Japan: A Paper Craft Paradise

When it comes to creating art with paper, Japan, with its long history of making exquisite washi paper and its internationally recognized art of origami, has produced its fair share of amazing artists. From paper toys animated with paper and rubber bands such as Haruki Nakamura's pop-up penguin bomb, Seiji Tsukimoto's clockwork pop-up art, or Risa's intricately carved paper texts and animals, we have seen some remarkable artistry.

Paper Craft Artist Scissorhands

Combining realism with attention to detail and remarkable technical abilities, artist Masanobu Azami, who goes by the name Scissorhands, also deserves honorable mention among his Japanese paper-crafting peers. Just as comfortable making skeletons, like this one of a python stretching nearly 20 feet in length, as he is making small but realistic fish or beetles, his creations span the gamut of the plant and animal kingdom, with the occasional anime character thrown in.

Source: © Scissorhands / Hasamic World @salvare035

But don't let the 20-foot skeleton fool you. Scissorhands can create minute masterpieces out of paper as well. In fact, it was his smallest creation to date that went viral last week when he tweeted it as part of a hashtag campaign for artists to introduce their representative works.


Behold, Aedes Albopictus, otherwise known as the Asian tiger mosquito.

Source: © Scissorhands / Hasamic World @salvare035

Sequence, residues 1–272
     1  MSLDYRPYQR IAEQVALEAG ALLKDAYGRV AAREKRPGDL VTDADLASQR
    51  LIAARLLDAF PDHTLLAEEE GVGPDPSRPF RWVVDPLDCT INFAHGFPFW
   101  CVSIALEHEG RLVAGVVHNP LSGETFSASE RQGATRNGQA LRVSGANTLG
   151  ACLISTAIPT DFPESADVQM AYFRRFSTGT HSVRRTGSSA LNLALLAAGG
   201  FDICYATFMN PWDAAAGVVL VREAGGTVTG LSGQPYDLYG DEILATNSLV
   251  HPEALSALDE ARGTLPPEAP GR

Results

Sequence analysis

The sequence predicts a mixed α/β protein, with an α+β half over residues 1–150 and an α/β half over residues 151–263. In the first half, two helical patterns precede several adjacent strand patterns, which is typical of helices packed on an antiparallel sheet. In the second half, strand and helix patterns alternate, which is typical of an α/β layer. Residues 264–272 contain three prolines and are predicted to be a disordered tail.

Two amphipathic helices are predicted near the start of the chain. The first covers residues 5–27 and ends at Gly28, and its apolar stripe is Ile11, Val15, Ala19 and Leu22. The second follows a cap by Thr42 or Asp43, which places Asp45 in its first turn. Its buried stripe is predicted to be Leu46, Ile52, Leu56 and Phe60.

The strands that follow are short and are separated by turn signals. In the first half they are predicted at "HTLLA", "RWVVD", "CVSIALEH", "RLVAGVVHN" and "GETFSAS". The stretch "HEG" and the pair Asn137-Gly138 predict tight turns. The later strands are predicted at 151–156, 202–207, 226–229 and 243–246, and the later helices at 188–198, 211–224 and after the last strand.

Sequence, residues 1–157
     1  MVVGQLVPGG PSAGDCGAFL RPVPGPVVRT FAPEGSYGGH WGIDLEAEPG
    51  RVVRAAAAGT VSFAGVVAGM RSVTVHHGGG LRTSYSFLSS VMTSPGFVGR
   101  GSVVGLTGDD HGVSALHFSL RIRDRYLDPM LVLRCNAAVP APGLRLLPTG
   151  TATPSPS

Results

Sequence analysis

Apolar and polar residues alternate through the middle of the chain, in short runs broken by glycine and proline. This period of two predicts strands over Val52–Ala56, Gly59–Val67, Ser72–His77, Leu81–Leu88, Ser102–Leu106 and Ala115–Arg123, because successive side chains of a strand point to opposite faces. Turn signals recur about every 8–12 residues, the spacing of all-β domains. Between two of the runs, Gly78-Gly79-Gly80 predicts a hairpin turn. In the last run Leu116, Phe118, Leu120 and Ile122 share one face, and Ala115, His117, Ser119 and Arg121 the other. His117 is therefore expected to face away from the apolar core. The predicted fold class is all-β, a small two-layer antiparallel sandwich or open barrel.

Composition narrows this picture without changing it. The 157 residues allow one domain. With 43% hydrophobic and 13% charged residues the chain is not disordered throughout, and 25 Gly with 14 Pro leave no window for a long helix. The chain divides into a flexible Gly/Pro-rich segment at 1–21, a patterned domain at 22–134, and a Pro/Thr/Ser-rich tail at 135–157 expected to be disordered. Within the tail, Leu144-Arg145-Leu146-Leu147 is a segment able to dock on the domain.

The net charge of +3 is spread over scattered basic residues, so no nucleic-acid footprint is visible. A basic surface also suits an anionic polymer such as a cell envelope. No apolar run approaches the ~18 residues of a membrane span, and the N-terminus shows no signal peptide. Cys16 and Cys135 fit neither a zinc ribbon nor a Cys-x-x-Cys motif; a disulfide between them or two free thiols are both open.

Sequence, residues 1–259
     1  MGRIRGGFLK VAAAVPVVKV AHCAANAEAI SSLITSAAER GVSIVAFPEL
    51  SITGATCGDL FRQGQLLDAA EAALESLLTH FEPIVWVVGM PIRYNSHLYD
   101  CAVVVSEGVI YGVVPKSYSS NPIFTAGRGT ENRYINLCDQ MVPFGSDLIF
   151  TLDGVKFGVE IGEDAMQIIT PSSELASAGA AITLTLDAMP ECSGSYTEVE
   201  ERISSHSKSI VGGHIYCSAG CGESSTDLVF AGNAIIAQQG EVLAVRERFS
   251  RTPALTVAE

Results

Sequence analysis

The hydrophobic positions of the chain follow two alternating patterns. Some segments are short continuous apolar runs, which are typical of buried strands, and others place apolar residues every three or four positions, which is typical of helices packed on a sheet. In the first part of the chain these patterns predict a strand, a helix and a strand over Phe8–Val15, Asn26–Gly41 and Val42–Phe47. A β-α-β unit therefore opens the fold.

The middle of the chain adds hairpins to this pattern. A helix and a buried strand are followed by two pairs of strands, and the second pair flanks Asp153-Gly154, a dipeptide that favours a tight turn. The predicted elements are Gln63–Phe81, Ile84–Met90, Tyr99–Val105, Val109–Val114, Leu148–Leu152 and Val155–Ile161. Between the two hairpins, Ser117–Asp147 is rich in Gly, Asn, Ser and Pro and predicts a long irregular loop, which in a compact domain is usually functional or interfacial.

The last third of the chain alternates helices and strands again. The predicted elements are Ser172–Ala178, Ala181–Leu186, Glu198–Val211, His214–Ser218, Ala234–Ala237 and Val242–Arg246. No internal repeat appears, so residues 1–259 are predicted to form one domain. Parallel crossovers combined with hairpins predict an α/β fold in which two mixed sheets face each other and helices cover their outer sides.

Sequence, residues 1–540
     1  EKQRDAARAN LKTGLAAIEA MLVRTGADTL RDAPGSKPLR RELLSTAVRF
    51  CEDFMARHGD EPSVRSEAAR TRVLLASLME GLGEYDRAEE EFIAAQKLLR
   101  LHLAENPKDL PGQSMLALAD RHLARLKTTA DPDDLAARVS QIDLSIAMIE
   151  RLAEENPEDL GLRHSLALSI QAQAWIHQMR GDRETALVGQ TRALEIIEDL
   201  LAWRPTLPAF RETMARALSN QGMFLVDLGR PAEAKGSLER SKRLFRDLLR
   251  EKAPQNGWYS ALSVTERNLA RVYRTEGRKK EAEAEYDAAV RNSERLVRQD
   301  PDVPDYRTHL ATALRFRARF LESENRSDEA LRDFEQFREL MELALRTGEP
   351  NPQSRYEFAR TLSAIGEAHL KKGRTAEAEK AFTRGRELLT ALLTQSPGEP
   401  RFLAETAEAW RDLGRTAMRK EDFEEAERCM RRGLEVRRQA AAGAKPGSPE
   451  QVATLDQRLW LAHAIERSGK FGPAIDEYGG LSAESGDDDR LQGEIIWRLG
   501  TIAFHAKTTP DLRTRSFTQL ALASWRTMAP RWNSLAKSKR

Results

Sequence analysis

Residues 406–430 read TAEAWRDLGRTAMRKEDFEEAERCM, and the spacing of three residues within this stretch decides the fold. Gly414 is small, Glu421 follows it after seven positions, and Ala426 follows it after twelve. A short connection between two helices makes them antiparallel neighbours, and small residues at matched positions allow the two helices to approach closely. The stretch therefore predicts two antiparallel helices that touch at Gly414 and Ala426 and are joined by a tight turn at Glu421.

His mosquito is not only accurately sized, only measuring mere millimeters in length, it looks anatomically accurate with an astonishing level of detail, from feet to antennae.

And since the infamous blood-lusting insects are rarely found in isolation, it's only natural that Scissorhands created more than one specimen.

Source: © Scissorhands / Hasamic World @salvare035

If you saw this, your first instinct might be to swat your leg!

Scissorhands thought of that too, making a swatted version, complete with blood made of red paper...

Source: © Scissorhands / Hasamic World @salvare035

Still not convinced these are made of paper and aren't real mosquitoes?

This should convince you otherwise:

Source: © Scissorhands / Hasamic World @salvare035

Other Works

To get a better sense of the full gamut of Scissorhands' works, here are a few examples from his Twitter account:


If you'd like to admire more of Scissorhands' handiwork, please visit his website, Hasamic World, and follow him on Twitter.

By - Ben K.